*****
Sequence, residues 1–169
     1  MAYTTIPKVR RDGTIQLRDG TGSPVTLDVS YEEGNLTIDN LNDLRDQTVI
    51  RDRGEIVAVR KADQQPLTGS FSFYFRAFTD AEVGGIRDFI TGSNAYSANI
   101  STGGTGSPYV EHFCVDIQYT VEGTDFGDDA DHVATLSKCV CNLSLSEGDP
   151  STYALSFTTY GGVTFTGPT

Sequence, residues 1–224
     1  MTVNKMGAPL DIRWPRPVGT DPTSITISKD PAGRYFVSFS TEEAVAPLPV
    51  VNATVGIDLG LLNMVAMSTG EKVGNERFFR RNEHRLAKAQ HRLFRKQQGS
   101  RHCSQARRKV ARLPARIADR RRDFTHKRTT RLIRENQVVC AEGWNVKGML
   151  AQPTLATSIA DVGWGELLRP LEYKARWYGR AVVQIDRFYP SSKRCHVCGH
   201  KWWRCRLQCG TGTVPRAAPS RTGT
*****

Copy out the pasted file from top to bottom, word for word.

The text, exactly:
Sequence, residues 1–169
     1  MAYTTIPKVR RDGTIQLRDG TGSPVTLDVS YEEGNLTIDN LNDLRDQTVI
    51  RDRGEIVAVR KADQQPLTGS FSFYFRAFTD AEVGGIRDFI TGSNAYSANI
   101  STGGTGSPYV EHFCVDIQYT VEGTDFGDDA DHVATLSKCV CNLSLSEGDP
   151  STYALSFTTY GGVTFTGPT

Sequence, residues 1–224
     1  MTVNKMGAPL DIRWPRPVGT DPTSITISKD PAGRYFVSFS TEEAVAPLPV
    51  VNATVGIDLG LLNMVAMSTG EKVGNERFFR RNEHRLAKAQ HRLFRKQQGS
   101  RHCSQARRKV ARLPARIADR RRDFTHKRTT RLIRENQVVC AEGWNVKGML
   151  AQPTLATSIA DVGWGELLRP LEYKARWYGR AVVQIDRFYP SSKRCHVCGH
   201  KWWRCRLQCG TGTVPRAAPS RTGT